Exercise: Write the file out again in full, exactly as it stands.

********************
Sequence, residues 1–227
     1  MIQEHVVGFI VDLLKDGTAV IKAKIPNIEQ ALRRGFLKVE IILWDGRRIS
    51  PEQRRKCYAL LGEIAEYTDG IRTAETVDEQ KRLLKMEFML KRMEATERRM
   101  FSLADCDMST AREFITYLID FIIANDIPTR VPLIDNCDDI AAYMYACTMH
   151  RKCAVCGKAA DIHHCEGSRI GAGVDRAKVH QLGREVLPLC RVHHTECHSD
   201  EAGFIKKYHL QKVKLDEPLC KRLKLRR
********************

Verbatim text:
Sequence, residues 1–227
     1  MIQEHVVGFI VDLLKDGTAV IKAKIPNIEQ ALRRGFLKVE IILWDGRRIS
    51  PEQRRKCYAL LGEIAEYTDG IRTAETVDEQ KRLLKMEFML KRMEATERRM
   101  FSLADCDMST AREFITYLID FIIANDIPTR VPLIDNCDDI AAYMYACTMH
   151  RKCAVCGKAA DIHHCEGSRI GAGVDRAKVH QLGREVLPLC RVHHTECHSD
   201  EAGFIKKYHL QKVKLDEPLC KRLKLRR